Vivek Kamra, President, JK Tyre said from an industry perspective they haven‘t seen an impact on tyre demand in commercial vehicle segment but only in passenger car and two-wheelers.
Checking the reality on the ground post demonetisation, CNBC-TV18 spoke to Vivek Kamra, President, JK Tyre said from an industry perspective they haven’t seen an impact on tyre demand in commercial vehicle segment but only in passenger car and two-wheelers.
Commercial vehicles cannot run with bad tyres, he said.
The impact on transporters has not been much because they are allowed to use old notes for fuel and movement but drivers have been resisting long-distance transporting.
In fact, commercial vehicle owners are not buying tyres on cash but are buying through regular relationship dealers.
So, replacement demand in commercial vehicles has not been hit, says Kamra.
Below is the verbatim transcript of Vivek Kamra’s interview to Latha Venkatesh & Sonia Shenoy on CNBC-TV18.
Sonia: You were telling me in our discussion earlier that car companies will not face the brunt in the month of November but they might actually see a bit of a hit in the month of December. What has your reaction been to the demonetisation impact up until now?
A: First, good news from Maruti Suzuki and that is exciting because the street was completely pessimistic on car sales, but obviously, their newer models are doing well.
The thing to consider here is that people who had made buying decisions in the beginning of the month have not changed them. It is during the month that you are seeing some changes in the way people are responding to or the time spend they have is changing towards trying to organise their lives a bit around the whole cash availability issue. However, from the original equipment manufacturer (OEM) perspective, because you plan your sales well in advance for a month, we are not seeing any drop or pick up from most of the OEMs. So, they have picked up tyres like they normally do as per plan.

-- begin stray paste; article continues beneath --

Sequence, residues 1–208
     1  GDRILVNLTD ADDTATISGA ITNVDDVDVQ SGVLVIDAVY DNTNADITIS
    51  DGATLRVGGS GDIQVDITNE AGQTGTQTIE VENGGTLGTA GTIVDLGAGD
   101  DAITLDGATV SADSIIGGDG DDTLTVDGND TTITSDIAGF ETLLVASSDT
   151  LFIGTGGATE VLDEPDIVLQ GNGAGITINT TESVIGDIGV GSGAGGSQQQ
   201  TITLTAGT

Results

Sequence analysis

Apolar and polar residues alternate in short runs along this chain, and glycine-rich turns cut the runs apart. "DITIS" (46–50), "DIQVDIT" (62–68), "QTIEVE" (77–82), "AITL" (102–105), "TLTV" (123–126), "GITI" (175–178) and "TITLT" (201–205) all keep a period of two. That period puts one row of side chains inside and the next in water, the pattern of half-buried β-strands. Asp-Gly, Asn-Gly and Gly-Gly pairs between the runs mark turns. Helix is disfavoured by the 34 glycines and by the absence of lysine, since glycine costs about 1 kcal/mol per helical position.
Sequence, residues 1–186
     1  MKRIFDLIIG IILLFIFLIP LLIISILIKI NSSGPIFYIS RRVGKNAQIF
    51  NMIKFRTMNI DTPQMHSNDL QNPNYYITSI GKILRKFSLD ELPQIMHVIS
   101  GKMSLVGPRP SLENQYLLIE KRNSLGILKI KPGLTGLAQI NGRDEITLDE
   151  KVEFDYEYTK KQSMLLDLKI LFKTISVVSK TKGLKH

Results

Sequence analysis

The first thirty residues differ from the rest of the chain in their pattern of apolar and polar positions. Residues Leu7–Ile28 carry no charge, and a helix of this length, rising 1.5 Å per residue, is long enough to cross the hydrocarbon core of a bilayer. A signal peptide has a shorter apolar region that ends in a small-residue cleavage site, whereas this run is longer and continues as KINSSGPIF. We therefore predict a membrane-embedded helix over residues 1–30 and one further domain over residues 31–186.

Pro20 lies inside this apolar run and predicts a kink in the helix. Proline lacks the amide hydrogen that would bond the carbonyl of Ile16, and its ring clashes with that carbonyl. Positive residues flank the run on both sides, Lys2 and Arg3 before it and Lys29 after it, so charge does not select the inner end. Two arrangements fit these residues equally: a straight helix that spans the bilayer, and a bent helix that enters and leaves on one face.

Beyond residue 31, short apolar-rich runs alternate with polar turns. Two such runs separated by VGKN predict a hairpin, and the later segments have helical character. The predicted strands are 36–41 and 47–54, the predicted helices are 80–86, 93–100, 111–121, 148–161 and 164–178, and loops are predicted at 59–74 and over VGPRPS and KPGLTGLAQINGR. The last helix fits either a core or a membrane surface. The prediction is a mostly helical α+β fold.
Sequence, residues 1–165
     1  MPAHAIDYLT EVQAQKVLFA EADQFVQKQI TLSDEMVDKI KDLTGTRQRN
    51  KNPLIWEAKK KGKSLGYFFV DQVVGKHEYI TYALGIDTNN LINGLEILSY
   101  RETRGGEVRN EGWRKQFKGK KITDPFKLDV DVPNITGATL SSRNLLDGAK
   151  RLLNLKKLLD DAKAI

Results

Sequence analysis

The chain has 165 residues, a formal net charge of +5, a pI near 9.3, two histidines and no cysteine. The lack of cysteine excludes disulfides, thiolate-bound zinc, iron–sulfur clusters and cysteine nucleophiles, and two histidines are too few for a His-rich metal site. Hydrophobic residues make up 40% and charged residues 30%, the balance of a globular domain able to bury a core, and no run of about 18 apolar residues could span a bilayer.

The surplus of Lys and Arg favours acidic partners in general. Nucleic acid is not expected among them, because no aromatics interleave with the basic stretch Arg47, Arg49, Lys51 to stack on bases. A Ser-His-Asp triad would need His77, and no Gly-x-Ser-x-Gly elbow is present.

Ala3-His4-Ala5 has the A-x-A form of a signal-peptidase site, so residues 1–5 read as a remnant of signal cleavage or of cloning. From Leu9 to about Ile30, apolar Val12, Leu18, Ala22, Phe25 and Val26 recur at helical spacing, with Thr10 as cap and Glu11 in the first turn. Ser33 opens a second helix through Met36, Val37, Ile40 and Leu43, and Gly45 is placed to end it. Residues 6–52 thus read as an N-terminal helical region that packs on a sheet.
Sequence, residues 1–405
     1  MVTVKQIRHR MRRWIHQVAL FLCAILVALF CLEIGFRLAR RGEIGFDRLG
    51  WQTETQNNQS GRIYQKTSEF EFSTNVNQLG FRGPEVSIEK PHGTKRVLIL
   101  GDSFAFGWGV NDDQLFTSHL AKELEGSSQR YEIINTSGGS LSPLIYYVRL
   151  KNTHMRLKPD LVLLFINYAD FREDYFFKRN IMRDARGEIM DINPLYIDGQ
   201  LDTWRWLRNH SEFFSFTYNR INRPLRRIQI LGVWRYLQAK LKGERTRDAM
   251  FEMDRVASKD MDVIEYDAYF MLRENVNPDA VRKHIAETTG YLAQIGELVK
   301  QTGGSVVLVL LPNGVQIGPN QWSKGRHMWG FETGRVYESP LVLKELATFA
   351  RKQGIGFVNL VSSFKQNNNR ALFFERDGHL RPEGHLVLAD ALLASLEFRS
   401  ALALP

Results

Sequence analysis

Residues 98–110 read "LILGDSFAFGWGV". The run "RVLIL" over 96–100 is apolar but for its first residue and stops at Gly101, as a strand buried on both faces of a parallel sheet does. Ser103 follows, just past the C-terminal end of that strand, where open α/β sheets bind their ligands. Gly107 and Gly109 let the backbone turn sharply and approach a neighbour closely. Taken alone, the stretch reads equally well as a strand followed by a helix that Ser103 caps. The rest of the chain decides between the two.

It is only in the replacement sales, particularly in car tyres, small car tyres as well as in two-wheeler tyres that we are seeing a sharp drop because the stakes are not so high. In commercial vehicles, you have to. It is like filling gas; you cannot not change your tyre because it is risky to ride with a tyre which needs to be replaced, so safety first in that case as well as productivity for a commercial vehicle. You cannot afford not to change your tyre. So, we are not seeing a hit at all in commercial vehicles. I am talking from an industry perspective. JK Tyre, of course, we have just taken over a capacity, so our growth is substantial over last year. We are doing way above last year around 15-20 percent.
However, for the industry as a whole, I would see these as the key areas. Commercial vehicles, steady. Passenger car vehicles, replacement sales and two-wheeler replacement sales, slightly slower, people are just organising themselves. But you cannot postpone it beyond a point. It is unsafe. You have to change your tyres.
Latha: Just tell us how is demonetisation at your end. Give us all the anecdotal experience that you have. Small part makers, transportation, logistics, has anything gotten disrupted? If yes, what?
A: Like I said, our freight is okay. Truck availability has improved. There are certain sectors where demand has dropped because I am getting trucks easily to move my tyres in addition to fit my tyres; they are also moving my tyres. So, trucks are okay, they are on the road. Obviously, the policies adopted have allowed transporters to move. Transporters have gained marginally from the thinking because they were able to use their cash for gas as well as movement.
Yes, drivers have a problem on the road. So, there has been a resistance for long distance. We are finding some issues with truck placement, but otherwise, we are not seeing an impact on commercial vehicles, in fact we are seeing positive on our behalf because people are not buying tyres on cash and they are buying more tyres through our regular relationship dealers because cash is not available and some transporters and truckers are buying through better more, what we feel our relationship channels, our dealers, our network and therefore they have moved out from the low-priced cash buy of tyres. So, we are seeing some positive signs from our replacement demand particularly in commercial vehicles.
Car and two-wheelers obviously are bound to hit. Farm has been hit. So obviously, when you are doing a replacement, your mind-share is not so much in terms of should I change my tyre now. That will come back, as I said earlier. So, we are not seeing any impact on business. Our business is completely done through our partnerships. We are not seeing any payment issues as such. But yes, footfalls on shops have come down.